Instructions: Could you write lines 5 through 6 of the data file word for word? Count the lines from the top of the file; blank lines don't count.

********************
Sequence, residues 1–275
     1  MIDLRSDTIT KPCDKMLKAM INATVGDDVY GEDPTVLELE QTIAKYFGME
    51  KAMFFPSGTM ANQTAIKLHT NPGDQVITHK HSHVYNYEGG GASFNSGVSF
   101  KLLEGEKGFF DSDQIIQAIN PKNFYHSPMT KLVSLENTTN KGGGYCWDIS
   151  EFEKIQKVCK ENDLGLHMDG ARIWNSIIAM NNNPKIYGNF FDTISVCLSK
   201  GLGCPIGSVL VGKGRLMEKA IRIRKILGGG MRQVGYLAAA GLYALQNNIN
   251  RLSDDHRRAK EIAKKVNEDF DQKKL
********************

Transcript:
   151  EFEKIQKVCK ENDLGLHMDG ARIWNSIIAM NNNPKIYGNF FDTISVCLSK
   201  GLGCPIGSVL VGKGRLMEKA IRIRKILGGG MRQVGYLAAA GLYALQNNIN